In the early days of public online services, there were many ways to access information sources like Compuserve, BIX, and GEnie. You could use a desktop computer in the home or office… when you were in the home or office. Or, you could use a portable data terminal device like the Texas Instruments SILENT 700 series.
The SILENT 700 comes in several varieties. This article will document details about the model 703 that I personally have in my collection. I just recently purchased the 703 at, of all places, an antique radio show. I got it cheap enough to take a risk that it may or may not work. If it didn’t work, and if it was beyond basic repair, I would have decided to hack it for parts. It came with a carrying case, the 703 itself, and the installed roll of FAX paper. There was no power supply.
The first thing I needed to do was figure out how to power the device. The product label states it uses 20 volts AC, a power source value which I had no direct solution for. The power connector had three pins. I assumed that the outer two pins were the AC source and the middle pin was Ground. Still, I had no 20 VAC power supplies. However, I have always been able to, IN A PINCH, substitute a DC power supply in most similar cases.
The theory of an AC power supply powered device is that the external part of the power supply is only a transformer which reduces the wall socket voltage to a more manageable level. Then, the circuitry inside the device acts as a full power supply, rectifying the AC to DC and powering the internal electronics.
Throwing caution to the wind, I used a 19 volt DC power supply I had lying around. chances are, there is a bridge rectifier immediately connected to the devices power supply connector. These are used to convert the constantly switching polarity of the AC coming in, to a form of DC that the device can use. So by using a DC voltage at the start, I’ll only be using part of the bridge rectifier. The remaining pert of the internal power supply won’t see anything much different than it would normally see.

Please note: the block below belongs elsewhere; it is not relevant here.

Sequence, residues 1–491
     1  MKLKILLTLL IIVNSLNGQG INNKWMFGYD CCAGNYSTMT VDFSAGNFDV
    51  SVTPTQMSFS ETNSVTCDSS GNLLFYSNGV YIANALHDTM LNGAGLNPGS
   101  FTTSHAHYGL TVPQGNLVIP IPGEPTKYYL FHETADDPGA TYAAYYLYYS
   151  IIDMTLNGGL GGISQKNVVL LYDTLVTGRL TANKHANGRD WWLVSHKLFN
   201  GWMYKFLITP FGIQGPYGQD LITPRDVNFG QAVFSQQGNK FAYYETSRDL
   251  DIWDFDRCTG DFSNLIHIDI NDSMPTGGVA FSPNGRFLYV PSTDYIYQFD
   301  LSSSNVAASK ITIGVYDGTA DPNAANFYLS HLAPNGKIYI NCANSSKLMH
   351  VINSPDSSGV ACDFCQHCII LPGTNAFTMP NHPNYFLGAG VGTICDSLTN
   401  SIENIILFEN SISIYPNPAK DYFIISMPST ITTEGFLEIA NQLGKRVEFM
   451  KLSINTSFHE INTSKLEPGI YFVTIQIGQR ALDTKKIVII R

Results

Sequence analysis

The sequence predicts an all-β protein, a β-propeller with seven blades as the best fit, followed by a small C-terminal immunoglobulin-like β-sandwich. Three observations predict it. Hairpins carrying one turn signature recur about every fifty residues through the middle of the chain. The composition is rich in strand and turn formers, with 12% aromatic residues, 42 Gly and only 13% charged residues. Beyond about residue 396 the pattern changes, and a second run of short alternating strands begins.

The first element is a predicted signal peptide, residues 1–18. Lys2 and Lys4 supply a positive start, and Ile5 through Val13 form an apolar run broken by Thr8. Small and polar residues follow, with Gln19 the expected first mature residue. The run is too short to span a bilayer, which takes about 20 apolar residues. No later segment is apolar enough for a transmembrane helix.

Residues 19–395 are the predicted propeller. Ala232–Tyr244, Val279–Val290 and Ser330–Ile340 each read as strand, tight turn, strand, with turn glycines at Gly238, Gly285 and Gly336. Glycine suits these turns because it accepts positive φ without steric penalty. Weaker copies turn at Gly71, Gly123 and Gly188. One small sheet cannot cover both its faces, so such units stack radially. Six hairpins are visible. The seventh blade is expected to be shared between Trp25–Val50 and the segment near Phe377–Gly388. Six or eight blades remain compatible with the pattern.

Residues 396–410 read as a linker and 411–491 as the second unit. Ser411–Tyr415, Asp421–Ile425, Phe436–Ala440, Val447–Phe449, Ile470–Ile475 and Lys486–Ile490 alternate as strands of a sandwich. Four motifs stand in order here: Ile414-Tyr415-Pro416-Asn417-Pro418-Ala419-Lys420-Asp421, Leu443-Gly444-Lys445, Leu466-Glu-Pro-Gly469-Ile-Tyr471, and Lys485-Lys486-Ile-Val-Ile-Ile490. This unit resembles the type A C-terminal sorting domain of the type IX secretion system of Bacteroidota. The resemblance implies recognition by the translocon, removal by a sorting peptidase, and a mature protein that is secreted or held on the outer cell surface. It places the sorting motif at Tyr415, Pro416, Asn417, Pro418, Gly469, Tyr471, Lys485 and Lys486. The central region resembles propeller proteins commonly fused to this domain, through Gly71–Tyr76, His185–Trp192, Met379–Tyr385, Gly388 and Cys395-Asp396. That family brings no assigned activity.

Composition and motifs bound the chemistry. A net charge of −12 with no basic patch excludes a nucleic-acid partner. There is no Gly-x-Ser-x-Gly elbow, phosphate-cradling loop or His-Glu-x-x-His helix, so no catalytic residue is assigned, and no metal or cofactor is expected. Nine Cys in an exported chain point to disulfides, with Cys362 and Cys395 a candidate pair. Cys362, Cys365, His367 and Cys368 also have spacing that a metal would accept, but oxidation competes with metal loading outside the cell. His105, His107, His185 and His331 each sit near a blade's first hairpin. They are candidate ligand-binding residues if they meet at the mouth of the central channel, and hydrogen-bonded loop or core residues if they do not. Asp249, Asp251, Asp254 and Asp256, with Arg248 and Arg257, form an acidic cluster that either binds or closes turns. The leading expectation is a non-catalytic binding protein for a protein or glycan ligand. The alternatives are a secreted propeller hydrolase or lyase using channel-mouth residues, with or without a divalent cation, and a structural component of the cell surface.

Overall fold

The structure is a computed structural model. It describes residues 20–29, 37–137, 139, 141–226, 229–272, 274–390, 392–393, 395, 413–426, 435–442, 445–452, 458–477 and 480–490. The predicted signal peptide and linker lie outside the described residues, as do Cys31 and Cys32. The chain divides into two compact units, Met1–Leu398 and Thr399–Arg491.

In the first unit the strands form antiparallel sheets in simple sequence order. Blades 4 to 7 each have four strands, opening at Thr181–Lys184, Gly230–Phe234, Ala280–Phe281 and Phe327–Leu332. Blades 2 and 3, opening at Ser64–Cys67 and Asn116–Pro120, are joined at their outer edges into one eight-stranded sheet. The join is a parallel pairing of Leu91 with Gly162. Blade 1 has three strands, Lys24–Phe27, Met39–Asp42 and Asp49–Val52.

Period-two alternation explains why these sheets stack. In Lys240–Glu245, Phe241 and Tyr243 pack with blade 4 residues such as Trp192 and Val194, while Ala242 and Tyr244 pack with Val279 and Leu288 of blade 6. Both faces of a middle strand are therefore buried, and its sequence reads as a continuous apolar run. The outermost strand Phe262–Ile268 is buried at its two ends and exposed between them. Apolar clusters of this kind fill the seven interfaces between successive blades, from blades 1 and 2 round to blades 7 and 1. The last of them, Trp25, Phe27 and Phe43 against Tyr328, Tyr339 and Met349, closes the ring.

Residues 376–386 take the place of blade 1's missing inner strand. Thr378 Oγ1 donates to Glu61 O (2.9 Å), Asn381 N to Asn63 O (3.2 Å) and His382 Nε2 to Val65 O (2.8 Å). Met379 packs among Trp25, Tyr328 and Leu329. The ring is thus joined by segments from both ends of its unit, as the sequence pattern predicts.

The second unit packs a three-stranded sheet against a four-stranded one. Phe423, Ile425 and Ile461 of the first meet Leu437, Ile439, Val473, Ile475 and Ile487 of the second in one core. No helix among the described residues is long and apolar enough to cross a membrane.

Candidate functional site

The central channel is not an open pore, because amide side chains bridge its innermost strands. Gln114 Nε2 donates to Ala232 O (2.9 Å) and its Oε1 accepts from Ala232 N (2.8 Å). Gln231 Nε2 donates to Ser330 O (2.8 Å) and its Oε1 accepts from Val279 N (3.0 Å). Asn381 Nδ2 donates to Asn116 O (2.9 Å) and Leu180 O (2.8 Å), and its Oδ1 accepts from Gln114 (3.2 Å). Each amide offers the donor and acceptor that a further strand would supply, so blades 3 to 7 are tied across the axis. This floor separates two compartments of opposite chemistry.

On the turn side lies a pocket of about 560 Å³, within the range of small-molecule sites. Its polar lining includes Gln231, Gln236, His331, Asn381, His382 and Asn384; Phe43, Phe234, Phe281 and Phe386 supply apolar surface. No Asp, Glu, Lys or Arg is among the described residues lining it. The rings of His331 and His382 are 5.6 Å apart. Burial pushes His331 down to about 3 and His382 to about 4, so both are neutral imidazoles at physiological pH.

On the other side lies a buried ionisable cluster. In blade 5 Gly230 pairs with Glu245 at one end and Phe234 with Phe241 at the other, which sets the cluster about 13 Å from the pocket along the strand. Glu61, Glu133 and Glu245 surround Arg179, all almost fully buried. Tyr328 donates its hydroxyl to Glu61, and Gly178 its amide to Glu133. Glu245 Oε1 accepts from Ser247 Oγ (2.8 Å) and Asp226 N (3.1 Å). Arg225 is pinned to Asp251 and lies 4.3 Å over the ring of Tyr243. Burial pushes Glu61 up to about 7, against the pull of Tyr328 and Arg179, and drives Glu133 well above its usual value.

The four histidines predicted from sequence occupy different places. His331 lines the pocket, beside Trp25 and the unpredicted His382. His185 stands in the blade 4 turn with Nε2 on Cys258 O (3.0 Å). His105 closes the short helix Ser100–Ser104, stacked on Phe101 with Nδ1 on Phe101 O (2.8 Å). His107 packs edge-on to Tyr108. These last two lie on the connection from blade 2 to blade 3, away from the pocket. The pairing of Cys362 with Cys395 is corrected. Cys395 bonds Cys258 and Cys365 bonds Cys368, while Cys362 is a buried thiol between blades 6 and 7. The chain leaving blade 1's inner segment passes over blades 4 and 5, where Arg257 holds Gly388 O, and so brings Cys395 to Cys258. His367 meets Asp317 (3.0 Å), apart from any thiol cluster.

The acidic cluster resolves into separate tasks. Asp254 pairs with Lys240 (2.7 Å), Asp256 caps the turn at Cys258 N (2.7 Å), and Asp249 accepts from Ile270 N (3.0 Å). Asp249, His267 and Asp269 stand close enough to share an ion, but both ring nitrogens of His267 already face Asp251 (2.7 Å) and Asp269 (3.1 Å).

I am happy to report that my hunch worked. As soon as I turned on the SILENT 700, I got a prompt stating “703″, which is the specific version of the model I have. As soon as I typed something, The printhead started doing its line dance and printing what I typed. There is no ribbon in this device, nor is there an LCD or CRT display. All interaction is printed onto the heat sensitive thermal FAX paper. It’s the same kind of paper older FAX machines used. As the printhead moves along the line, it generates heat in a bitmap pattern, which produces the printed letters in turn. The nice thing about thermal printing is that it’s silent, hence “SILENT” 700.
There were other models made in the SILENT 700 series. I believe they were the 707 and 709 series. Those versions had built-in phone line connectivity. One would connect to the phone with an acoustic coupler (soundproofed clip-on sockets which clip over the earpiece and mouthpiece of conventional phone handsets. My 703 model does not have a built-in modem. Instead, it had a 25-pin RS-232 compatible serial port, but with a female connector.
I could have hooked this up to an old external modem, but I already had a solution in place that allows me to bridge old RS-232 connections to modern day Telnet sessions on a Windows PC using a program called RealTERM. RealTERM lets me connect this to a serial-to-USB PC connection, then using RealTERM as an echo bridge to any telnet server I choose. RealTERM manages the connection on both ends and passes data back and forth between them. It even lets me use two different modem and parity settings. The SILENT 700 only supports: odd, even, mark, and space parity values. It does NOT support the more popular “NONE” parity. RealTERM took care of the differences for me.
I logged onto a Telnet BBS I frequent on a regular basis, heatwavebbs.com. I was able to do most everything I could on the BBS as if I used a telnet program on a computer with a screen. The difference is, I use up paper as the SILENT 700 feeds the FAX paper through as text is being received. Plus, I was restricted to the 300 baud, so text wasn’t exactly racing up the printed page. What I ended up with is a paper trail of my online session, as seen on the right side.
There’s really not much I can do with this outside of the novelty of it. Not many modern devices support the capabilities of the SILENT 700, even if it only works at 300 baud. I could connect it to an Apple, TRS-80, Commodore Amiga, IBM PC, or any hardware device that supports serial communications with ASCII text. The SILENT 700 does not support ANSI graphics (colorized text that requires special code sequences to display). ANSI looks like garbled text when it’s transmitting to an unsupporting connected device. If a wanted, I could hook it up to a serial port on a Linux box and use it for direct shell access to administer the Linux server.
Meanwhile, it gets added to my collection along with various other unique items. I could probably put it to use on a ham radio packet setup and have it display anything and everything that gets transmitted on a packet radio net.